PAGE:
MSLA is only an executory contract, distinct from the transaction itself.  Section 6 of Rev. Reg. 10-06 says, “prior to the borrowing of shares of stock/securities by the Borrower and negotiating the terms of an SBL, the parties must have entered into an MSLA.”  In fact, even Negros Oriental Rep. Herminio Teves, now chairman of the House committee on ways and means, when he co-authored House Bill 4040, believed that MSLA would be subject to the documentary stamp tax on loan agreements; hence, the bill to expressly exempt it.   I suggest the congressman’s son, Margarito, who is now the secretary of finance, have a quick clarificatory chat with his father on the matter.

The other question is whether MSLA is subject to the documentary stamp tax on pledges under Section 195.  Section 195 imposes the tax on pledge “made as security for the payment of any definite and certain sum of money”.  If the pledge is for “the payment of a fluctuating account or future advances without fixed limit,” the tax is based on the “amount actually loaned or given” at the time of the execution of the pledge; but if the amount is stated in the deed, then the base of the tax is the full amount as so stated.

The borrower of securities can possibly argue that his delivery of securities as collateral, even if obviously as security, is not a pledge because what it is securing is not the payment of money but the return of the borrowed security.  Section 195 talks of pledges securing money obligations.

But assume that instead of securities, the collateral given was cash as authorized under Section 3(b) of Rev. Reg. 10-06.  Has not the transaction metamorphosed into a lending of cash by the borrower of securities collateralized by a pledge by the lender of securities? 

           Understandably, the regulation focuses on the securities side of the transaction, thus making the assumption that it is intent of A to lend securities to B who gives collateral to A.  “In effect,” says Section 2 of Rev. Reg. 10-06, “SBL is similar to a simple collateralized cash loan transaction.  However, instead of cash, what is borrowed are listed shares of stock/securities and what is provided is either cash, government or equity securities, or guaranteed letter of credit.” 

But if the collateral is cash and the parties really intended A to borrow from B, putting up his securities as collateral to secure the repayment of the cash borrowed, there is no doubt a pledge, in substance, has been executed over the securities of A.

This fear of the possibility of the SBL being ruled to be a pledge taxable under Section 195 is not unfounded.  Recently, in the case of the pawnshop ticket, the Supreme Court categorically stated that “Section 195 unqualifiedly subjects all pledges to DST.”  I did not supply the bold; it is in the text of the ponencia itself.  The Supreme Court thus appears intent on imposing Section 195 on all pledges, regardless of external formality.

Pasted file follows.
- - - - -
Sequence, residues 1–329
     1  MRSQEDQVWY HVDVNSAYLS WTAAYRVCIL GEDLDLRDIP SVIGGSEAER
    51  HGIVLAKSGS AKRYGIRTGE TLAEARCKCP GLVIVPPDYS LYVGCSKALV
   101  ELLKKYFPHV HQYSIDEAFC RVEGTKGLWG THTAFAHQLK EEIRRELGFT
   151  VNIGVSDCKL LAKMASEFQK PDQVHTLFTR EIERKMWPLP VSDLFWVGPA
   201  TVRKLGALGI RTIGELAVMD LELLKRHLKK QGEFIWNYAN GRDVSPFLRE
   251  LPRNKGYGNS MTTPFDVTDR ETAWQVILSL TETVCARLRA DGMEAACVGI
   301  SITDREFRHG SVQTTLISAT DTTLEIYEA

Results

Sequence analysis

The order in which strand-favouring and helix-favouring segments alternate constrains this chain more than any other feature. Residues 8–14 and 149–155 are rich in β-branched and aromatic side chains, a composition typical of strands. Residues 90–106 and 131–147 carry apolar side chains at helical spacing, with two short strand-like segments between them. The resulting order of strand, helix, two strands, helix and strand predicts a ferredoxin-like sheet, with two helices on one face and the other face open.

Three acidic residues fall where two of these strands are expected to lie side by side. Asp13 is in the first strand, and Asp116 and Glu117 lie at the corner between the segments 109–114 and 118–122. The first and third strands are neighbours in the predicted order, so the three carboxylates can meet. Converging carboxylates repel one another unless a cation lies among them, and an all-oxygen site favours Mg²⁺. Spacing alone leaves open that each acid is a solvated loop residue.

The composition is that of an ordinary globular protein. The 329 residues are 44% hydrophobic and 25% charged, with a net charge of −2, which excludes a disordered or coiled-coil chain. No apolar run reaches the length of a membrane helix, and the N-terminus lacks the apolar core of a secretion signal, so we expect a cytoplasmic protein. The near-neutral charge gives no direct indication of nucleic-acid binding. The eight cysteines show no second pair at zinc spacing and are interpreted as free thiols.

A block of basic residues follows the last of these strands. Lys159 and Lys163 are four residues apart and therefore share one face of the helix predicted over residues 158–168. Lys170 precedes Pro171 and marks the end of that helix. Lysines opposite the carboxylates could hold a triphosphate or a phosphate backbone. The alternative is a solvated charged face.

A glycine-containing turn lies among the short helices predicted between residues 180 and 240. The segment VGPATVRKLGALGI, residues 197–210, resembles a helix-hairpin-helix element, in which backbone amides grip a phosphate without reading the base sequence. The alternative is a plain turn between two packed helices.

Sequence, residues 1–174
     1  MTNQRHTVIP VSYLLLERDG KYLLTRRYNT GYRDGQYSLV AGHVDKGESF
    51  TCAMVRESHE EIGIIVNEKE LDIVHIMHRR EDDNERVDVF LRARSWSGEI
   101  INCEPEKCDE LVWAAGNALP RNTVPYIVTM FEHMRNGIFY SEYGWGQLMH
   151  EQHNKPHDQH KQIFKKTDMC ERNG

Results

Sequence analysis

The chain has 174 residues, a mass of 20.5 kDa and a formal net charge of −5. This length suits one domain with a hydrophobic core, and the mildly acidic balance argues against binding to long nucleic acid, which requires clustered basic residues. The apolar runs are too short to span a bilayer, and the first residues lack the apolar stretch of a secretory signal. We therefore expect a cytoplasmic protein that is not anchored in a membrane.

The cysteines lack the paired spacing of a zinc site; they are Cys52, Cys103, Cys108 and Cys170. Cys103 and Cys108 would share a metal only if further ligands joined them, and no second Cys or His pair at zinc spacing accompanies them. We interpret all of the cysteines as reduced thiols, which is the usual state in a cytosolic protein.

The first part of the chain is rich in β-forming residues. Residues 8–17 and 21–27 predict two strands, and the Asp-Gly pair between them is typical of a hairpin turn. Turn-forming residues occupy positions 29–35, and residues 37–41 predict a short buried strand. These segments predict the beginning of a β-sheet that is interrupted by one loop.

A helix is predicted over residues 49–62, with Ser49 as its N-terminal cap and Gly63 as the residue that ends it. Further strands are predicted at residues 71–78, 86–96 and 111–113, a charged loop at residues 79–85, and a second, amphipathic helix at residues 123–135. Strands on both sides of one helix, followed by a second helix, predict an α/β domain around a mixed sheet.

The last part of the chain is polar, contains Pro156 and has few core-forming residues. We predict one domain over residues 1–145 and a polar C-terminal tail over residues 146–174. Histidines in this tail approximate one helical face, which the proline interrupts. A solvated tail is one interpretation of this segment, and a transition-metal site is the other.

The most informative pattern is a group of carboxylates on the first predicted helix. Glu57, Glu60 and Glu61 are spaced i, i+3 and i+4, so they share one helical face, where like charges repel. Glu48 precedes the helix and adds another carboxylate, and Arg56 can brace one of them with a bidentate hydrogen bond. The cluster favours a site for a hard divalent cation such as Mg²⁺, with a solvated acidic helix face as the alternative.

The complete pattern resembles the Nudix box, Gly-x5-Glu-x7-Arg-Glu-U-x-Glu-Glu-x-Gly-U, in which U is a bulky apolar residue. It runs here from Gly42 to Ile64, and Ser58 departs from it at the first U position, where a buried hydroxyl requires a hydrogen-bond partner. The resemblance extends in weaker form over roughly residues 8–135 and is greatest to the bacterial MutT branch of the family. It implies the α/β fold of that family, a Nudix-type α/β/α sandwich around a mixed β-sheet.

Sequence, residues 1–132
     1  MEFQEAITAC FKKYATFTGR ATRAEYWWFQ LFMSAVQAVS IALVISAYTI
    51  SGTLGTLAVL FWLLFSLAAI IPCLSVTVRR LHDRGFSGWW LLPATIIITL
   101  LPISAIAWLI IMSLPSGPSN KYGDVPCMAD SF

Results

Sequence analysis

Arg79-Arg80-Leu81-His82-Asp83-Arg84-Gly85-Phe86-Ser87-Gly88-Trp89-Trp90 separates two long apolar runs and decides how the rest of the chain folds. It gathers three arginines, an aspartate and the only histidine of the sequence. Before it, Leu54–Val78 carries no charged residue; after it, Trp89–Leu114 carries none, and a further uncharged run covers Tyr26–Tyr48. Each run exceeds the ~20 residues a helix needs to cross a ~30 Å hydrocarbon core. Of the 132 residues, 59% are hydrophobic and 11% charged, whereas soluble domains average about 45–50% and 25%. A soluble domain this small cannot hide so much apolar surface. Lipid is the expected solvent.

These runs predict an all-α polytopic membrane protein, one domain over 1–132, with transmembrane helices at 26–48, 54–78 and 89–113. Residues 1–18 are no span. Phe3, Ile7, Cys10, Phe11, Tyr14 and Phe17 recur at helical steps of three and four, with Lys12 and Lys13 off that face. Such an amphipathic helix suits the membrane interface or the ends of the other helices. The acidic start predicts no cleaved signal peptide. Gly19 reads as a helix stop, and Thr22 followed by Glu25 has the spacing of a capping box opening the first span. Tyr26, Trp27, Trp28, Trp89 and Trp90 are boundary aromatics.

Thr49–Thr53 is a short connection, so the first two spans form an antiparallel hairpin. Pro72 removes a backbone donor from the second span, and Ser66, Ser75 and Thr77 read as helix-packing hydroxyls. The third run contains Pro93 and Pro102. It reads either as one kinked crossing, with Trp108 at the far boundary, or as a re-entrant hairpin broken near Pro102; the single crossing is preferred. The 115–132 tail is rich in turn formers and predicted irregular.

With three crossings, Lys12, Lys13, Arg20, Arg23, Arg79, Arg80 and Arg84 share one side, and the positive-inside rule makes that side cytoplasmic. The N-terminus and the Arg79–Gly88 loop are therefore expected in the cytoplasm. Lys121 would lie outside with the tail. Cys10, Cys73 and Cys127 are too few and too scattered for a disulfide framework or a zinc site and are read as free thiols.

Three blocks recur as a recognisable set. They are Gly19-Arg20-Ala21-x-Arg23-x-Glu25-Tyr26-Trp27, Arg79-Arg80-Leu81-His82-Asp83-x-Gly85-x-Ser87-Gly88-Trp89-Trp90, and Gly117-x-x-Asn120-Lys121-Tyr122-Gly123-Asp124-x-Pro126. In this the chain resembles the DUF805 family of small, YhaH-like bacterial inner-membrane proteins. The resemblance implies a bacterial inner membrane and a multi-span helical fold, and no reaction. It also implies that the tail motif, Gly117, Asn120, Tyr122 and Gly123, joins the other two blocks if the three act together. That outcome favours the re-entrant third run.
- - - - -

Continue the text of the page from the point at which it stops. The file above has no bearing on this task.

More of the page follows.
Finally, the matter of the manufactured cash dividends.  To preserve the economic position of the lender ante the SBL, Rev. Reg. 10-06 says that the cash dividends must be “manufactured” by the borrower to reimburse the lender of cash dividends that may be declared during the lending period.  Those “manufactured” cash dividends are not taxable to the securities lender.  However, the securities borrower could not deduct the cash dividend manufactured from his gross income. 

Obviously, the twin rules assume that the borrower who manufactures the cash dividend was the same one who received it from the issuer.   Since cash dividend is subject to the final withholding tax and are not reported as regular income, he could not take an expense deduction when he pays it out to the securities lender. 

Suppose, however, A, a securities dealer, borrows securities from B and then delivers those securities to C in settlement of a previous sale transaction, a legitimate and approved purpose for an SBL.  Suppose further that cash dividends are thereafter declared and thus received by C.

A, as securities borrower, has the obligation to manufacture the cash dividends that he has to pay to B.  But he cannot deduct the amount from his gross income.  Neither can B ask for reimbursement from C who took the shares as absolute owner.  In a business where trading spreads do not amount to much, B, when struck by such misfortune, could be pushed to the brink of bankruptcy! 

          I am certain that, although with some effort, these points of issue can be resolved by logical deduction from the purpose of the SBL program, even at the administrative level.  My own personal view is that the mere borrowing and lending of securities under the program ought not have any tax consequence at all (except income on the payment of a “rental” fee) until an actual transfer of ownership over the securities occurs.  But the local capital market is a wary market and particularly conscious of the need of the government of collect more and more taxes.  Administrative issuances may not suffice to give the market the comfort that only an exempting law can provide.